04/12/2016 03:21 EDT | Updated 04/13/2017 05:12 EDT

The Trans-Pacific Partnership Is A Hidden Tax On Canadians By Multinationals

Trade delegates pose for a photograph after signing the Trans-Pacific Partnership Agreement in Auckland, New Zealand, Thursday, Feb. 4, 2016. Trade ministers from 12 Pacific Rim countries including the United States have ceremonially signed the free-trade deal. (David Rowland/SNPA via AP) NEW ZEALAND OUT

The most pressing environmental policy problem facing Canada is the possible ratification of the "trade deal" known as the Trans-Pacific Partnership (TPP). The investor protection provisions (called the Investor State Dispute Settlement mechanism, or ISDS) in that agreement presents a major threat to environmental protection in Canada. Let me tell you why.

The ISDS in the TPP is the latest version of investor protection originally embedded in NAFTA. Canada has already been sued multiple times under NAFTA and found liable to fines of hundreds of millions of dollars simply for trying to administer its environmental rules. These ISDS suits are heard by arbitration panels of trade lawyers to which there is no appeal.

Simply put: the TPP should not be ratified.

National courts are excluded. This circumvents Canada's sovereignty and allows foreign corporations to be compensated for loss of investor's "expectations" (i.e. future profits) just because we applied our environmental laws.The even more powerful provisions under the TPP will result in many more lawsuits against Canada. University of Ottawa Law Prof. Michael Geist has provided detailed analysis on his blog covering these points.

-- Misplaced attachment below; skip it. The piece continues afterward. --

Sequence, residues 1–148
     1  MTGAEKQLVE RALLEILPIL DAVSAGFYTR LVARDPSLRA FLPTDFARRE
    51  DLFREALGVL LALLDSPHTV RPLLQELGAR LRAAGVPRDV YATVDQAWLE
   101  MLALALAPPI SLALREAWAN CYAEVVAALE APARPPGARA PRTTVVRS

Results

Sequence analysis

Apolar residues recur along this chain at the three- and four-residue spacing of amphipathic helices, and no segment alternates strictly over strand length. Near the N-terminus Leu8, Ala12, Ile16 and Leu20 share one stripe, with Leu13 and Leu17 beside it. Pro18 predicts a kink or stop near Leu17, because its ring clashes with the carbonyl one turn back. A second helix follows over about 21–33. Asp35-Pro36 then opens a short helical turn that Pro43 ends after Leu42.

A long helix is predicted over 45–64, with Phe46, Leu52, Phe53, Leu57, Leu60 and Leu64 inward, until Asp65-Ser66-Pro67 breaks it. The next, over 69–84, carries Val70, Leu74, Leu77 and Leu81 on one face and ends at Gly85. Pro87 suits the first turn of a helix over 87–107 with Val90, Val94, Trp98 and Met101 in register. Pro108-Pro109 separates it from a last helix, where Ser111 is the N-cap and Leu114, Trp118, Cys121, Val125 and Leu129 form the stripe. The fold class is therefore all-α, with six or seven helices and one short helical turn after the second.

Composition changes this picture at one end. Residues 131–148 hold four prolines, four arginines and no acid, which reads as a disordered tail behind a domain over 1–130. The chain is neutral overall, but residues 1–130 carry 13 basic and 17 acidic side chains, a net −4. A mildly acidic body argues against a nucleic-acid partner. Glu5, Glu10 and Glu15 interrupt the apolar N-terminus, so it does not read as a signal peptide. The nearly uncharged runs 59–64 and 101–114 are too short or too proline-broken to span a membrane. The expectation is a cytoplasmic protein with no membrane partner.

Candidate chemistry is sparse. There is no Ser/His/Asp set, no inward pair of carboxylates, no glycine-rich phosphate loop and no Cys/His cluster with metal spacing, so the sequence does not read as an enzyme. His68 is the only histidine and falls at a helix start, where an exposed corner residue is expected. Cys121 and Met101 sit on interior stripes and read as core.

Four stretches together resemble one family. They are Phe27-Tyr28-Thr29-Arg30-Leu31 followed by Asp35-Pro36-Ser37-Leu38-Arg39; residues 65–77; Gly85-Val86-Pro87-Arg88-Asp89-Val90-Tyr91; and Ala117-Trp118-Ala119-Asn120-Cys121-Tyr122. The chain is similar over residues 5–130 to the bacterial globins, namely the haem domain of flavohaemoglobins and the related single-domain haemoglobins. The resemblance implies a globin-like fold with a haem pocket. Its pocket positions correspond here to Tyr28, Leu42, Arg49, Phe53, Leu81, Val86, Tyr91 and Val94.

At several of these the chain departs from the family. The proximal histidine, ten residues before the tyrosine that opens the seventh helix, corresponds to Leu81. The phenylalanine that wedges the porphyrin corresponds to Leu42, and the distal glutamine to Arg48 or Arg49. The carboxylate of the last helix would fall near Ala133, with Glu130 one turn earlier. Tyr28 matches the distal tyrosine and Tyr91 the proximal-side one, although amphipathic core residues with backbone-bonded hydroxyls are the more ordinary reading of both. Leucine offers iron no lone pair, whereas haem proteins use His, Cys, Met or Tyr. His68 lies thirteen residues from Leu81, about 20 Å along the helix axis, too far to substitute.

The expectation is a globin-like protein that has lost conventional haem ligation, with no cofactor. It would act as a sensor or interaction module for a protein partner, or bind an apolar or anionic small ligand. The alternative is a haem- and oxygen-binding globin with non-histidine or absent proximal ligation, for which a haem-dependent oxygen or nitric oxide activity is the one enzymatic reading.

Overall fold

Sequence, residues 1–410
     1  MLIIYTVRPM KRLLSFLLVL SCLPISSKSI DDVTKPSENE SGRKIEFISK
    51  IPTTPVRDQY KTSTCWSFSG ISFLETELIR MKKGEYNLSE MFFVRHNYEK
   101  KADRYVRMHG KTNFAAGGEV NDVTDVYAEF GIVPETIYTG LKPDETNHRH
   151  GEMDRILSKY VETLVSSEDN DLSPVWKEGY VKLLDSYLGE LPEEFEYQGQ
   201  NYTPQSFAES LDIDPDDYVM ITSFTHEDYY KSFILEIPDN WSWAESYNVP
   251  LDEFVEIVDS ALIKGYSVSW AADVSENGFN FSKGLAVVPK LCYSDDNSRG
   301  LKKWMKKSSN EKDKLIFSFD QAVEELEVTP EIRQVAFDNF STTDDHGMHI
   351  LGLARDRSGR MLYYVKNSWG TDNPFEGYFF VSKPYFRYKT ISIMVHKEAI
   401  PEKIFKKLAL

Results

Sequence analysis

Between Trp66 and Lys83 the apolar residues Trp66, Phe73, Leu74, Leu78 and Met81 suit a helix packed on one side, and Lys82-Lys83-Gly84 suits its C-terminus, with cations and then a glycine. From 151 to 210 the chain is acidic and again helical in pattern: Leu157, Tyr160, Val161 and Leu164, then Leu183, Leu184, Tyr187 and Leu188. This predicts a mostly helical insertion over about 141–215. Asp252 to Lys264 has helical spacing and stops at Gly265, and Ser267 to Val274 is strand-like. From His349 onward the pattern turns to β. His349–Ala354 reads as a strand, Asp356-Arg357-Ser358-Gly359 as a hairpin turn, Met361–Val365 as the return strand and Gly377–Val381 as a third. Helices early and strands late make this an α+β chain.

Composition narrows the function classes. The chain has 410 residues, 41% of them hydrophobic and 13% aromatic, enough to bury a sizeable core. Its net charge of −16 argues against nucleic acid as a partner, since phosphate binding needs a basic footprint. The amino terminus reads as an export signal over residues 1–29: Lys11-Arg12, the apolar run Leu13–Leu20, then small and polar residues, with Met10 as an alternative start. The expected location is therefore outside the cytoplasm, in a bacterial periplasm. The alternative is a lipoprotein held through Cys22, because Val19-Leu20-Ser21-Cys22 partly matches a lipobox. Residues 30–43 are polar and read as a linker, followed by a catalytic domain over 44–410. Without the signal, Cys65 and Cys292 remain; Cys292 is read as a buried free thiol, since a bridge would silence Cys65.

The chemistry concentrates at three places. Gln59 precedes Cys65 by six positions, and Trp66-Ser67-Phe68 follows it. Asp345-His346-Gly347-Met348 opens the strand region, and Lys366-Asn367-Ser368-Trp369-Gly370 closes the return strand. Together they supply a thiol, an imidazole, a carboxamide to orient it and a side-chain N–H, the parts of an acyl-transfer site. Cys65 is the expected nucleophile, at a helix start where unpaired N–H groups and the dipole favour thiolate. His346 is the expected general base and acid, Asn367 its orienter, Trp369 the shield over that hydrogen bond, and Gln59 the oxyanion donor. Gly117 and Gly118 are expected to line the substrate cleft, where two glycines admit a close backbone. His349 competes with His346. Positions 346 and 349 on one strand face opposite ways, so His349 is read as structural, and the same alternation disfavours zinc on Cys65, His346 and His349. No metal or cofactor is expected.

Paying these fines amounts to a form of taxation of the Canadian public by multinational corporations. The Green Party of Canada opposes the idea that we should be taxed by corporations simply for passing laws that protect Canadians and Canada's environment.

Simply put: the TPP should not be ratified.

Turning make-believe profits into a tax on Canadians

Under the Investor State Dispute Settlement mechanism in NAFTA, and now more powerfully in the proposed TPP, foreign corporations can sue Canada if we apply environmental rules or change our environmental law in such a way that there is a loss of expected future profits. If the arbitration panel of trade lawyers rules in their favour (which they frequently have), Canada is forced to pay these companies compensation in the millions of dollars from public coffers.

How can these corporations claim the loss of future profits is real money? Future profits have to be earned in the marketplace. There are no certainties in markets, only risks that must be addressed. Companies must convince customers to make a purchase presumably in a marketplace fraught with uncertainties and active competitors.

If a corporation can prove that they have lost future profits with certainty, it can only mean that they are operating in a monopolistic environment. That's the only way they could be assured of profits. If that is the case, they are not operating in a free market. It's not the responsibility of government to support such a broken system. It's the job of the government to break up those those monopolies, restore the free market, and in doing so, remove the guarantee of future profits that they claim to have lost.

I encourage everyone to write their local Member of Parliament and tell them the TPP is stacked with benefits for foreign corporations. Tell them you don't want your tax dollars used to pay those foreign corporations when the government acts to protect our environment. Tell them you're sick of backroom trade deals that sell Canada's sovereignty down the Yangtze River.

Gord Miller is the former Environmental Commissioner of Ontario and a Infrastructure and Community Development Critic for the Green Party of Canada.

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